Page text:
Arcade Fire 10/08/10

Shrine Auditorium – Los Angeles, CA

Words/Photos by Reverend Justito/

I wouldn’t say that I hated the Arcade Fire. I just was never moved by their music. Hell there was a time in my life when I was tortured by them. Then out of nowhere like a silent ninja; the Arcade Fire snuck up and choked me into submission with their latest release “The Suburbs.” I know that it is no coincidence that the record landed in my lap hours after returning from Berkeley and a weekend in the suburbs where I spent my first 21 years. The choke out continued with a clever interactive video for “We Used To Wait” that literally took a homesick soul and gave them a soundtrack for their depression. So when an offer to see the band at the historic Shrine Auditorium was presented to me, I jumped on the opportunity to see if the Arcade Fire was something special or if perhaps they just happened to be in the right place at the right time.


I could write an entire essay about the nightmare that was The Shrine on Friday night. From the thirty minute wait to get into a parking lot that was $13 higher than advertised to the fact that all bars inside the venue had at least a twenty minute wait for drinks, the logistics were an absolute nightmare. Yet once seated inside, all the struggle was in the rear view. Having barely made it to my seat, the house lights went down and the Arcade Fire stormed the stage. From the opening notes of “Ready To Start” it was clear that Arcade Fire live was more than just a concert, it was a spiritual experience.


I am the first to say that crowds in Los Angeles are dull and undeserving. This crowd was anything but. The energy level and devotion was intense. Sitting in the balcony, I feared the entire thing would come down from folks jumping, dancing and just flat out rocking as the band played a 90 minute set with a heavy mix of songs from “The Suburbs” as well as classics from their past releases. It didn’t matter if the band was playing a radio hit like “Neighborhood #3 (Power Out)” or a new song such as “Sprawl II (Mountains Beyond Mountains)” the energy was through the roof. Then again, with Win Butler darting off the stage and running up to say hi to me in the balcony, it was hard to not go nuts during the song.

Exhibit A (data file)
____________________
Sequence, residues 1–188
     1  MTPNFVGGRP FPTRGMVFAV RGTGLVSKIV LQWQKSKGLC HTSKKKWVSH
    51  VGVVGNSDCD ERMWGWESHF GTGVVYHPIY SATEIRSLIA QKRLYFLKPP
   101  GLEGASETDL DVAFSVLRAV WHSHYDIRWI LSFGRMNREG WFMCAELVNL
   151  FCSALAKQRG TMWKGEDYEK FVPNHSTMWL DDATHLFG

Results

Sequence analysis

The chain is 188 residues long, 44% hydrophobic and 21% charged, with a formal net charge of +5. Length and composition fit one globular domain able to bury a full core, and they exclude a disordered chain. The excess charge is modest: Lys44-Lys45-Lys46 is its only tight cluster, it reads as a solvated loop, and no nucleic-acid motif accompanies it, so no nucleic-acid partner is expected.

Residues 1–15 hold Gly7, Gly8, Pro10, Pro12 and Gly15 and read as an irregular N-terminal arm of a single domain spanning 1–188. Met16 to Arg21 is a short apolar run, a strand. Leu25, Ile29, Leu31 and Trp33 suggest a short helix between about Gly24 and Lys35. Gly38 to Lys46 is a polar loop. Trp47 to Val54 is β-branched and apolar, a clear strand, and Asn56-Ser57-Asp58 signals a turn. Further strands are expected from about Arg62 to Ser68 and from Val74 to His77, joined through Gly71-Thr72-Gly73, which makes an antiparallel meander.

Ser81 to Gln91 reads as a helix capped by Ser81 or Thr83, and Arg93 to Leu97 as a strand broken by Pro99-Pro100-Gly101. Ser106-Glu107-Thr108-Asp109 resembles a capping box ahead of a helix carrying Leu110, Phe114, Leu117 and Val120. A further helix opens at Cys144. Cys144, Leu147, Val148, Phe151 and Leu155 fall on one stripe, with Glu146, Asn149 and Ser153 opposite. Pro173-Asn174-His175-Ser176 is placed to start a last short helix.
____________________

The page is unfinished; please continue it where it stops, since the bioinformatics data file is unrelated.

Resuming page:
What impressed me most with the band is that it truly appears to be ego free. There is no Eddie Van Halen or Steven Tyler. Instead it is 8-9 musicians coming together losing themselves to create something more powerful. The Grateful Dead may have created the Wall of Sound, but the Arcade Fire is a wall of sound. The only way you could not have been moved by the show is if you truly lacked a soul. As impressive is how the each member can play 2-3 instruments. With each song, you were looking at a different configuration, and while the music stays true, different skills take the music to different places thus making the Arcade Fire unstoppable.


When all was said and done, the Arcade Fire rapidly shot their way into the top 5 bands I have seen all year. I get it now. It is powerful, dynamic, introspective and just a huge rush of love and energy on the same level of Phish and the Flaming Lips. You are not just going to a show; you are being saved by rock and roll. Now that I am converted, I just want to be saved again.


A direct descendant of the outlaw Jesse James and star of a 1983 Kilpatricks Bread radio commercial, Reverend Justito has taken his gift of ADHD and put it to good use by creating one of a kind concert reviews. A bootlegger at heart, the man lives off Whiskey, Taco Bell and the love of San Francisco sports teams.
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Sunday, October 10th, 2010 at 7:03 pm.
Categories: Reviews.

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